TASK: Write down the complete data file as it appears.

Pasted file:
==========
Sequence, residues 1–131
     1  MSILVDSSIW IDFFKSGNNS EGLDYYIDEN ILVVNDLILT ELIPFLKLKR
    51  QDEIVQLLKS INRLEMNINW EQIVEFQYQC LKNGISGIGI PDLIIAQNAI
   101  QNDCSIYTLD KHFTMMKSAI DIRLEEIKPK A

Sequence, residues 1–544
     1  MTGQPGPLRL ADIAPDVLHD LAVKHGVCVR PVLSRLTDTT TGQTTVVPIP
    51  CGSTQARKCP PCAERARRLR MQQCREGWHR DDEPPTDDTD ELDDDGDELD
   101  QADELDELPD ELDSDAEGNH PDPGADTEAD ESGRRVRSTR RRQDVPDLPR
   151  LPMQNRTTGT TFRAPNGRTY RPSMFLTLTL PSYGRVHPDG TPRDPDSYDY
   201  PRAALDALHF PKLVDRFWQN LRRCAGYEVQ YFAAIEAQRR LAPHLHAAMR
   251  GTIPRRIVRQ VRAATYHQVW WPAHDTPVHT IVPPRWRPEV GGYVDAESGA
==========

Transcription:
Sequence, residues 1–131
     1  MSILVDSSIW IDFFKSGNNS EGLDYYIDEN ILVVNDLILT ELIPFLKLKR
    51  QDEIVQLLKS INRLEMNINW EQIVEFQYQC LKNGISGIGI PDLIIAQNAI
   101  QNDCSIYTLD KHFTMMKSAI DIRLEEIKPK A

Sequence, residues 1–544
     1  MTGQPGPLRL ADIAPDVLHD LAVKHGVCVR PVLSRLTDTT TGQTTVVPIP
    51  CGSTQARKCP PCAERARRLR MQQCREGWHR DDEPPTDDTD ELDDDGDELD
   101  QADELDELPD ELDSDAEGNH PDPGADTEAD ESGRRVRSTR RRQDVPDLPR
   151  LPMQNRTTGT TFRAPNGRTY RPSMFLTLTL PSYGRVHPDG TPRDPDSYDY
   201  PRAALDALHF PKLVDRFWQN LRRCAGYEVQ YFAAIEAQRR LAPHLHAAMR
   251  GTIPRRIVRQ VRAATYHQVW WPAHDTPVHT IVPPRWRPEV GGYVDAESGA